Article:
[fpc-devel] Successful implementation of inline support forpure assembler routines on x86
jonas at freepascal.org
Sun Mar 17 19:57:25 CET 2019
On 17/03/2019 18:18, J. Gareth Moreton wrote:
> Part of it may be preference but I think
> some people like the fine degree of
> control that assembly language offers,
That is absolutely correct. That is both its strength and its weakness.
The weakness is that it is impossible to integrate such code safely in
compiler-generated code without the programmer saying exactly what that
code does (in terms of constraints, like GCC supports:
E.g., at least the following issues exist with your patch, but that's
not because your code is of bad quality. It's simply that it is
impossible to fully analyse inline assembly and determine it to be safe:
* you forbid modifying the stack, but loading the stack pointer in
another register and then modifying the stack through this other
register is not caught (or e.g. loading a value from memory that happens
to point to the stack)
* you skip over db/dw/dd/dq directives, even though these can also be
used to encode instructions (often ones not (yet) supported by the
compiler). There may be more assembler directives like that that could
influence the code.
Additionally, your remark regarding memory barriers is a bit dangerous:
these instructions must not only act as memory barriers to the
processor, but also to the compiler. I.e., the compiler must not be
allowed to optimise certain things across such a barrier (e.g. (re)move
memory reads or writes), because then the barrier will no longer serve
its purpose. That is the main reason why marking them as "they change
everything" should probably stay for the foreseeable future.
The performance overhead of memory barriers is also many times greater
than that of a call/return, so I don't think it will actually matter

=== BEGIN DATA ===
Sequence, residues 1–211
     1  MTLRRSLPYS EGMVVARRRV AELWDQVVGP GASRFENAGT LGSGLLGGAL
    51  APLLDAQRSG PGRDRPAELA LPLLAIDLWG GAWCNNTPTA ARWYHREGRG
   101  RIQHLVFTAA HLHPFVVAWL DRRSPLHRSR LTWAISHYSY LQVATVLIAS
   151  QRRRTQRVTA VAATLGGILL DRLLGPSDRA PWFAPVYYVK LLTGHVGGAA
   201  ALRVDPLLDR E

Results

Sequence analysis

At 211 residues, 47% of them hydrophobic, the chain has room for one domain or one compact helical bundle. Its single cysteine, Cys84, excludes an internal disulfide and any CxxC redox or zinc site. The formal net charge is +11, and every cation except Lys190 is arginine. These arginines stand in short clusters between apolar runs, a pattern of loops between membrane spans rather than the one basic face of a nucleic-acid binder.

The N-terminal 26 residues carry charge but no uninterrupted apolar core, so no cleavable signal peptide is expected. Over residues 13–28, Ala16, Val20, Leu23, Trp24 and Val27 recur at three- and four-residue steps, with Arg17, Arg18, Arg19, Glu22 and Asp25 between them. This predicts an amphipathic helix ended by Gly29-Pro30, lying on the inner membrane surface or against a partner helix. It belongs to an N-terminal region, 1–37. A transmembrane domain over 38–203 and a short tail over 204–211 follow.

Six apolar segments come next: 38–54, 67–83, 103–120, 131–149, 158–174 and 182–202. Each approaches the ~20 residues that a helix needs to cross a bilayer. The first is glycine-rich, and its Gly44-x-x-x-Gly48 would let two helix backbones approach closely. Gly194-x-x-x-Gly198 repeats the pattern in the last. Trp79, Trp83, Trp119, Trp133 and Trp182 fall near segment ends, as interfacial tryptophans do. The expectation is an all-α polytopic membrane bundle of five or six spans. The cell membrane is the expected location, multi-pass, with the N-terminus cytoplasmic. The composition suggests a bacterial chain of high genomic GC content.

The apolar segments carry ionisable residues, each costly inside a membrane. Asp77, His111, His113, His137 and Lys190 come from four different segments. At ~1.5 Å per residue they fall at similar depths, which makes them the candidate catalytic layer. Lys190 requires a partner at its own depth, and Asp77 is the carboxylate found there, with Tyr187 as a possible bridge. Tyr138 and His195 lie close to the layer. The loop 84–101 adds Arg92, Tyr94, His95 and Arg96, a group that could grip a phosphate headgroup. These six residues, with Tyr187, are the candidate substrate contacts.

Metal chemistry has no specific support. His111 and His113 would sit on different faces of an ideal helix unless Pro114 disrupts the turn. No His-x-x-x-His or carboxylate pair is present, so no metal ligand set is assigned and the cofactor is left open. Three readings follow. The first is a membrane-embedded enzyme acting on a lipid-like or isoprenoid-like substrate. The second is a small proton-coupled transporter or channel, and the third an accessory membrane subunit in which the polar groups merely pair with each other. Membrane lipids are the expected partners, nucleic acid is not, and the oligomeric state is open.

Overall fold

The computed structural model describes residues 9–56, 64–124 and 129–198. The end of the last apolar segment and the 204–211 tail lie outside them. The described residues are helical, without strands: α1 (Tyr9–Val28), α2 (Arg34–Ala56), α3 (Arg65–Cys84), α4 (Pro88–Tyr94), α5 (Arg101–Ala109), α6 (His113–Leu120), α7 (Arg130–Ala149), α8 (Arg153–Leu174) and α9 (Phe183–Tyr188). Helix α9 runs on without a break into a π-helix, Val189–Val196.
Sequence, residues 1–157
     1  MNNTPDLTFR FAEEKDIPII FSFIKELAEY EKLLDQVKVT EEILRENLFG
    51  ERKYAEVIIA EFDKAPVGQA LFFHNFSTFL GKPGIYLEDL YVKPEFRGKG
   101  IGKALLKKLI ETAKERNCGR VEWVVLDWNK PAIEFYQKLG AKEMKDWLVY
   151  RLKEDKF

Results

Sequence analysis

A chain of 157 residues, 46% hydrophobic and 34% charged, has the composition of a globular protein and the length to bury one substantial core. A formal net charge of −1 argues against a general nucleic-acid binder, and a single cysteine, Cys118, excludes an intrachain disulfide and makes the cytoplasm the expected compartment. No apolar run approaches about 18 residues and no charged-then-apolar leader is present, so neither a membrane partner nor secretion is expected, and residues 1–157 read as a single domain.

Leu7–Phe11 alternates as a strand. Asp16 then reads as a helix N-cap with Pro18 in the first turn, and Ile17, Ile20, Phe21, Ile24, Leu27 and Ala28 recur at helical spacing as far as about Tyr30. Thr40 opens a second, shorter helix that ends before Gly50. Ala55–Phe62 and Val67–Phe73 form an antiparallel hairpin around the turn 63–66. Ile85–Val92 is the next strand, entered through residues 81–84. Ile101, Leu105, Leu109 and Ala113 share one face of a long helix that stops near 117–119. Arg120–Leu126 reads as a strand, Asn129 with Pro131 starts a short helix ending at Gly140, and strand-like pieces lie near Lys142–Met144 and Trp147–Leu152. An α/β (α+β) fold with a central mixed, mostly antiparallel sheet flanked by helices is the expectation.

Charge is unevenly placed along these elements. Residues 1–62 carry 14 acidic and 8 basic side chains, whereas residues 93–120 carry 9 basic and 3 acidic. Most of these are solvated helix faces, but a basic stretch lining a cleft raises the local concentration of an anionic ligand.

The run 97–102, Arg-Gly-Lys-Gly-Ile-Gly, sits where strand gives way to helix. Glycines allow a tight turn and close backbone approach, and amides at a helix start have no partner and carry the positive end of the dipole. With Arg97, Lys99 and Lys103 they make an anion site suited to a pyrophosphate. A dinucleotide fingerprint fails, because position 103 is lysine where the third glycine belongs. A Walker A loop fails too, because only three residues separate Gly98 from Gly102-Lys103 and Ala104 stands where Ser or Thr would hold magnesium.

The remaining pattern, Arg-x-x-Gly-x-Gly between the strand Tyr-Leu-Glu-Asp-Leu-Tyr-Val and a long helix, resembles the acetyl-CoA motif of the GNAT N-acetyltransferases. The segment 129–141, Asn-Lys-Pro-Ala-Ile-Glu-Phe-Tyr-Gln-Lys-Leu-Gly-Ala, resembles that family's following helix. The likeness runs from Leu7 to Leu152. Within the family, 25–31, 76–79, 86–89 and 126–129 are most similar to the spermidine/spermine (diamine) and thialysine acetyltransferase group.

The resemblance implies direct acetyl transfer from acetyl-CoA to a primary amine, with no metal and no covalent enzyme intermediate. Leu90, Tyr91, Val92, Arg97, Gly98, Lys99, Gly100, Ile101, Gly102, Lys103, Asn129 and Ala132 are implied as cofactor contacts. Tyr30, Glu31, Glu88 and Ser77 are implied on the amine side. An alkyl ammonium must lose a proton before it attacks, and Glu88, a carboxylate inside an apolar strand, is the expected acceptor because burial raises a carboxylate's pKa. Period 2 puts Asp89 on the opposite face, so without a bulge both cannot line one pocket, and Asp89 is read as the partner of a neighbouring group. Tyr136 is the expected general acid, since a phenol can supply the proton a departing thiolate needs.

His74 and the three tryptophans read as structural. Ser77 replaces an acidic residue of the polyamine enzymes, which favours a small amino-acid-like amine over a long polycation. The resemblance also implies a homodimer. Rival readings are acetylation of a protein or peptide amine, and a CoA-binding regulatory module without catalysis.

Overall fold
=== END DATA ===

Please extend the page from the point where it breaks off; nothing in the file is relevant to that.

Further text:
that much (although it would still be better to get rid of the
call/return than not, of course -- provided the compiler can be told to
not optimise anything across it).
I thought I sent a mail in the previous thread about this, but I can't
find it anymore so maybe I did not. What I though I said before, is that
I think that inlining pure assembler functions is something that should
never be done. A pure assembler function, especially with
"nostackframe", is the programmer literally telling the compiler "you
have absolutely no business messing with this code".
On the other hand, if you have a regular function with an inline
assembler block, then inlining becomes a whole lot more feasible.
Especially if you add support for GCC-like constraints. Then there is no
issue with the assembler code expecting arguments in certain registers,
possibly returning in the middle of the block, messing up the stack etc,
because you simply cannot do that in this scenario. This means you don't
have to (try) to check for this either. And there is already rudimentary
support for specifying constraints in this case (which registers get
It would be much less of a quick win (e.g. because the compiler does not
support passing variables in registers to assembler blocks right now),
but in the long run it would be fully supportable and much more
maintainable. It would also require much less target-specific support,
because it would not require trying to figure out what the assembler
block is doing.
That said: for optimal performance, you will usually still want
intrinsics rather than inline assembly, simply because the compiler can
then be taught to reason about them, and perform constant propagation
through them (and potentially eliminate them altogether).
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